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Hum Nat. 2013 Sep;24(3):336-47. doi: 10.1007/s12110-013-9174-z.

Do birds of a feather flock together? The relationship between similarity and altruism in social networks.

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Institute of Cognitive and Evolutionary Anthropology, University of Oxford, Oxford, UK.


Cooperation requires that individuals are able to identify, and preferentially associate with, others who have compatible preferences and the shared background knowledge needed to solve interpersonal coordination problems. The present study investigates the nature of such similarity within social networks, asking: What do friends have in common? And what is the relationship between similarity and altruism? The results show that similarity declines with frequency of contact; similarity in general is a significant predictor of altruism and emotional closeness; and, specifically, sharing a sense of humor, hobbies and interests, moral beliefs, and being from the same area are the best predictors. These results shed light on the structure of relationships within networks and provide a possible checklist for predicting attitudes toward strangers, and in-group identification.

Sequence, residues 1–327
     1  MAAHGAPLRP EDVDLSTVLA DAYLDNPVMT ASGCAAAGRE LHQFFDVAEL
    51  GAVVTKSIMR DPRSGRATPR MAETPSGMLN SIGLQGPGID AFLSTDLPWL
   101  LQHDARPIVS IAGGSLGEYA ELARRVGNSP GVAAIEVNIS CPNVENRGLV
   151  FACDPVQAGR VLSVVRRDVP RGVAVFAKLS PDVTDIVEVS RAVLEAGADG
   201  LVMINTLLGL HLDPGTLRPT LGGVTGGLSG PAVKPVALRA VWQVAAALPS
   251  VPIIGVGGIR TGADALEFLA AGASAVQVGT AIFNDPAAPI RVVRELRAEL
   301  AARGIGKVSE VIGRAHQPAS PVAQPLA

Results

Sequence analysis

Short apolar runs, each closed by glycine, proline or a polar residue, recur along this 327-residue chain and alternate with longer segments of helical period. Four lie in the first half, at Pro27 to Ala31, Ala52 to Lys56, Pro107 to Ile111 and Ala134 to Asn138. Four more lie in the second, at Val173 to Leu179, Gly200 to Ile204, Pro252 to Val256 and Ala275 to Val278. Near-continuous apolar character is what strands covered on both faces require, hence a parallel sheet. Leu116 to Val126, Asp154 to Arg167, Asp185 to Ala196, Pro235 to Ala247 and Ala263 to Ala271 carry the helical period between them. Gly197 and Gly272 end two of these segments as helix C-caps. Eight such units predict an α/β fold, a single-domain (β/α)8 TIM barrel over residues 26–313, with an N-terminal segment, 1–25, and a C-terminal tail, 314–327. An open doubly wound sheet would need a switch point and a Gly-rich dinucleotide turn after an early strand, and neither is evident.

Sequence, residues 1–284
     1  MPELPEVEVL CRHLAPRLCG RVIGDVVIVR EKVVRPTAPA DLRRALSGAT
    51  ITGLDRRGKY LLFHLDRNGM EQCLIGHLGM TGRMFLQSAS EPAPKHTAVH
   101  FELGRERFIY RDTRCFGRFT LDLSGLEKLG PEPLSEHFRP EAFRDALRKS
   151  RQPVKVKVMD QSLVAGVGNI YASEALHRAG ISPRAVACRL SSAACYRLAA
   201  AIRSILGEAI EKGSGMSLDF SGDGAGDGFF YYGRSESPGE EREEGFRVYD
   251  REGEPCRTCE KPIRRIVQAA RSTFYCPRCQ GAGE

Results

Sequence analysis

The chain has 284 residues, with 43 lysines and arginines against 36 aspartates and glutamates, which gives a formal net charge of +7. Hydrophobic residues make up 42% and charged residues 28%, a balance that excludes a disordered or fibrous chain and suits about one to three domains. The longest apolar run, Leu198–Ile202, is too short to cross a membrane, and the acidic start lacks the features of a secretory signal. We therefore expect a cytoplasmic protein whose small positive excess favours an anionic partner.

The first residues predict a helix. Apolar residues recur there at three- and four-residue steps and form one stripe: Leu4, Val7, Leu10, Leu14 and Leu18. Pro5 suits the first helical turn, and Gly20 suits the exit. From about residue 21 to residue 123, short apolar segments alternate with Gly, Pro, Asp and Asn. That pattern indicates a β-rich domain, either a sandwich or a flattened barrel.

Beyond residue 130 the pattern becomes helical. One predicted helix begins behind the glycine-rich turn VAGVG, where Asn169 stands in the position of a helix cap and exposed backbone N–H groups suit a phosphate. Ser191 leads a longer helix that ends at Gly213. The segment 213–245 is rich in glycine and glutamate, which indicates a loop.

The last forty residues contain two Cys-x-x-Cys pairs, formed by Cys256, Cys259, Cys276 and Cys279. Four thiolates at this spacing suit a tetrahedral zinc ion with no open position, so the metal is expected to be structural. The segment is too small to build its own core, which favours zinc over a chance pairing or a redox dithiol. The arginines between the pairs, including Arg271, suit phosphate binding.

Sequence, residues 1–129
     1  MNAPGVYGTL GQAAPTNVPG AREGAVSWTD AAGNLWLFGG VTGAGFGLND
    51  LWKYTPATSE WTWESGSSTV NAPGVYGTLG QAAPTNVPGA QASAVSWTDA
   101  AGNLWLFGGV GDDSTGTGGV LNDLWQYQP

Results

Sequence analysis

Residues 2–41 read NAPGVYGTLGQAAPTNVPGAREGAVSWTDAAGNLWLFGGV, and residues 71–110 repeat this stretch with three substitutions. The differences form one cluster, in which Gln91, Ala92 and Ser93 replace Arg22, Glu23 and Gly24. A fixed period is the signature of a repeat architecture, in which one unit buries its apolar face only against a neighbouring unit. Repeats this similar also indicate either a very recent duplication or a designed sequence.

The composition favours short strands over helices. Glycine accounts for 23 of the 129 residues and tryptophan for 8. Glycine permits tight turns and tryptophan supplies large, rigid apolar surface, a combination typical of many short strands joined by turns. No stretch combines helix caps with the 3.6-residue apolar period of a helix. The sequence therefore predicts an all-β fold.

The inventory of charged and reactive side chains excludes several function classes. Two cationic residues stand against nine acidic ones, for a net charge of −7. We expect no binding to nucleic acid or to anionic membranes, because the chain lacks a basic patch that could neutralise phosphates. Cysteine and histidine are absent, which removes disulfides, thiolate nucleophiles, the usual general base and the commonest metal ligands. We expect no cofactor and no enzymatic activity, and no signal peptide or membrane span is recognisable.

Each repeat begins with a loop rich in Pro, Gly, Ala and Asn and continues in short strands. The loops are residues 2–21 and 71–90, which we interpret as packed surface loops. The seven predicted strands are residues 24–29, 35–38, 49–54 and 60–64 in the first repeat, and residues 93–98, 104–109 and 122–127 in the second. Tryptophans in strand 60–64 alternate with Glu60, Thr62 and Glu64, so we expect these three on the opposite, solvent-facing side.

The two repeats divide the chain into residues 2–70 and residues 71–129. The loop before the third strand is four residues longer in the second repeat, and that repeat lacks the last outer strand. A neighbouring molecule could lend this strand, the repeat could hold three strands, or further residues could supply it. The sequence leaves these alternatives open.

[Indexed for MEDLINE]

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